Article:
Over the course of the year, BNJMN stepped out from a world all his own with two brilliant LPs of melodic, coastal house—dropping both Plastic World and Black Square on Amsterdam’s ace Rush Hour imprint only added to his prestige. Splitting atoms from the zone between records like Lone’s Emerald Fantasy Tracks and Actress’ Splazsh, BNJMN crafted a jaw-dropping array of dreamy tracks in 2011, songs whose dazzling movements and patterns came washed in baths of celestial ooze and breathed with an air of tempered emotion. “Blocks,” perhaps the most recognizable tune to come from these efforts, seems to meet at the middle of all things BNJMN. It features an unobtrusive arpeggio and sparse (but somehow still driving) drums and bass together with glistening chords and whirling FX that unobtrusively spin around in the background with the ease of a bobbing buoy. If his quiet ascent into the consciousness of the XLR8R faithful was due to anything, it was that BNJMN seems not to ask for anyone’s attention with his productions, but rather simply opens doors to new worlds with each release. We found ourselves stepping through those doors over and over again this year. Glenn Jackson
MikeQ was relatively unknown at the beginning of the year, at least outside of the insular world of vogue house. But as 2011 comes to a close, the New jersey-based producer has essentially become the face of a movement, as ballroom has entered the larger dance-music lexicon. A myriad of producers, most of whom have nothing to do with the music’s predominantly gay origins, have begun to experiment with the genre’s distinctive elements—most notably the ubiquitous samples from Masters at Work’s classic “The Ha Dance”—and nearly all of them cite MikeQ as a major inspiration. For his own part, MikeQ spent much of the year honing his sound, eventually moving beyond the lo-fi sonics and hip-hop reworks that dominate much of the ballroom world. He remixed Egyptrixx for Night Slugs, joined forces with Kingdom as part of the Fade to Mind posse, and eventually dropped the Let It All Out EP, the young label’s second release and a record that saw MikeQ taking a giant leap forward, both in quality and style. We look forward to charting his continued evolution in the years to come. Shawn Reynaldo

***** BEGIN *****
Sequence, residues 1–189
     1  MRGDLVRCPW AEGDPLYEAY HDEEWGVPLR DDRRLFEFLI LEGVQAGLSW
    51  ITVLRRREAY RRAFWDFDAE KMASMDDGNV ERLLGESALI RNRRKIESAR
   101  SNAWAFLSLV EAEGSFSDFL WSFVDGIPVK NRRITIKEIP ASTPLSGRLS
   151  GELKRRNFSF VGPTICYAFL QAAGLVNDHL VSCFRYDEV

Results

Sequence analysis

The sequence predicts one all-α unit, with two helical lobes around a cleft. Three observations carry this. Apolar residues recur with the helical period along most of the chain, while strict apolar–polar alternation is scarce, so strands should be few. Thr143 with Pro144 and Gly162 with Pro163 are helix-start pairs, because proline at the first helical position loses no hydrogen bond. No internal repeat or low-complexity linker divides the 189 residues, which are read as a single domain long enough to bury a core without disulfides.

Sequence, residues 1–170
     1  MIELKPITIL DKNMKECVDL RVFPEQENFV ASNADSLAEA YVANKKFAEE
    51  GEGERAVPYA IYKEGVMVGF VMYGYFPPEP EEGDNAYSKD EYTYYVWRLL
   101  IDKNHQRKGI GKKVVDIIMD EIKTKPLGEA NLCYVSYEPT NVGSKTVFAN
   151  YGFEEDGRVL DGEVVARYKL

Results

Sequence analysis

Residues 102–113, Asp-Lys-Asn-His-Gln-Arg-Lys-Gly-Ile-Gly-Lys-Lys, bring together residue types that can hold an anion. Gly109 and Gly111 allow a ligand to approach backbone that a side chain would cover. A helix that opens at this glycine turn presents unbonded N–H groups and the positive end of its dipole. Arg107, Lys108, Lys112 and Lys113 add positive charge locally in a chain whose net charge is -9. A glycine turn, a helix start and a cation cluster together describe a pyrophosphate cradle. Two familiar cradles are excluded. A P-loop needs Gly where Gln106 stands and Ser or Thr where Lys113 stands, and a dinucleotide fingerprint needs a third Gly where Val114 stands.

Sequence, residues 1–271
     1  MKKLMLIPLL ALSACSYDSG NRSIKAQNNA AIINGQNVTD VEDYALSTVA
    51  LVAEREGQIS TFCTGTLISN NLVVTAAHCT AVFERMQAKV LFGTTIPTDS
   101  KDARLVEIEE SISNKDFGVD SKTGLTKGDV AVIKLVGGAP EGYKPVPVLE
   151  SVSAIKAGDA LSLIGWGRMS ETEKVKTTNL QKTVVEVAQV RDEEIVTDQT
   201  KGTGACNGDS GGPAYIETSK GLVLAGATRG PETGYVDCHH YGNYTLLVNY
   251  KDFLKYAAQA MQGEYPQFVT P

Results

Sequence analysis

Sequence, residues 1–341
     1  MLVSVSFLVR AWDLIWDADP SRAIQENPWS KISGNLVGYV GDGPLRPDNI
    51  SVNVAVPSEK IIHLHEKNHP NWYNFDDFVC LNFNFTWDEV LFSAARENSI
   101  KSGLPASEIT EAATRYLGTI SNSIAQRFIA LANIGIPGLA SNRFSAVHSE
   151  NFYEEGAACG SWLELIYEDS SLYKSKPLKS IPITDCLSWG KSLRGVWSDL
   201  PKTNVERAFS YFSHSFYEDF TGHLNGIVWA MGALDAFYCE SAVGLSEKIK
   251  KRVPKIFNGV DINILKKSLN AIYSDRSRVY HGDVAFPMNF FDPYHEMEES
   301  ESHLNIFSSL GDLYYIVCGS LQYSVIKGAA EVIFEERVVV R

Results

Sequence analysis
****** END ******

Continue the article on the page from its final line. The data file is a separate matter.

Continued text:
6. Dark Sky
2011 will likely be remembered as the year that bass music came into its own. Some might even say that the scene became oversaturated, as producers around the globe pieced together various permutations of house, grime, dubstep, UK funky, garage, R&B, and more, all in hopes of joining the rapidly evolving fray. As the number of contributing artists multiplied and the number of original ideas dwindled, it became increasingly hard to stand out from the pack, which makes the rise of UK trio Dark Sky all the more impressive. The trio first made waves in 2010 with the release of “Something to Lose,” the Frames EP, and a high-profile remix for The xx, but the production crew really came into its own in 2011, dropping the “High Rise” b/w “Armour” single on Blunted Robots and following it up with the potent Radius EP on Modeselektor’s 50Weapons imprint. Steering clear of gimmicky synths and random R&B vocal samples, the group’s work shows a real knack for combining serene melodies with bouncy basslines and thunderous organic drum sounds. The music is stripped down and just a bit raw, but never feels under-produced or amateurish. Even if all notions of bass music eventually go by the wayside, it appears that Dark Sky has the chops to keep the quality tunes coming. Shawn Reynaldo